In the facility manager’s ideal world, every building would be built like a fortress to withstand any emergency. In reality, construction costs can be significant and engineers “build to code.” Meeting minimal safety codes can result in situations that provide minimum comfort and protection when disaster strikes.
Researchers at the Homeland Security's Science and Technology Directorate have come up with a series of publications aimed at engineers, architects, building owners, city planners, and emergency managers that bring years of data together to make buildings terror and nature resilient. The Building and Infrastructure Protection Series (BIPS) provides these audiences a set of aids for designing critical infrastructure to withstand all kinds of hazards…at a cost that won't break the budget.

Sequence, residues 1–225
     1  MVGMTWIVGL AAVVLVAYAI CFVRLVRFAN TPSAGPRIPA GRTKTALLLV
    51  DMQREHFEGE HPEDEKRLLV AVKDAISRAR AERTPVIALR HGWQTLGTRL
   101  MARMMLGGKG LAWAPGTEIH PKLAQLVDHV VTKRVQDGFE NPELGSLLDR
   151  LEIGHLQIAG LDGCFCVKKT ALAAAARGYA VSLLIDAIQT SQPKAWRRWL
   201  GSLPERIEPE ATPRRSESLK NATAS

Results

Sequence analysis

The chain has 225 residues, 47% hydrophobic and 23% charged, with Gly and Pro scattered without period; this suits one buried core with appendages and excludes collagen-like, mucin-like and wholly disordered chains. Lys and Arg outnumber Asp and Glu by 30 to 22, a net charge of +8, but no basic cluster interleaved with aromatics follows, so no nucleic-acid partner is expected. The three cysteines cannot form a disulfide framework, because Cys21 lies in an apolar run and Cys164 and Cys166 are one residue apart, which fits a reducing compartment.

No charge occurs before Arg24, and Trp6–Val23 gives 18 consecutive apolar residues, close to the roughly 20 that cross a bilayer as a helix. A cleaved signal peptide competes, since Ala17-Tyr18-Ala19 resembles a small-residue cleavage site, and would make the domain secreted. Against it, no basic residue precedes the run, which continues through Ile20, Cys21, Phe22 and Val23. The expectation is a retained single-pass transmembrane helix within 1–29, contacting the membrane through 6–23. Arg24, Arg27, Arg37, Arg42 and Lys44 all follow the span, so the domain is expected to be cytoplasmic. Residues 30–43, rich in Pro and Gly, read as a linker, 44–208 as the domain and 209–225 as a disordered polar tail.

"This series lays the foundation for designing a new generation of resilient buildings," says Mila Kennett, who oversees the series in S&T's Infrastructure Protection and Disaster Management Division, where she leads the Structural Resilience Branch. An architect by training, Kennett came from the Federal Emergency Management Agency (FEMA), where she edited a similar publication series after 9/11. Several of the BIPS guides expand upon and update her highly regarded FEMA guides.
The BIPS series comprises seven documents, four software applications, one website, and one training course.
For more information, visit http://www.dhs.gov/files/programs/scitech-bips-tools.shtm.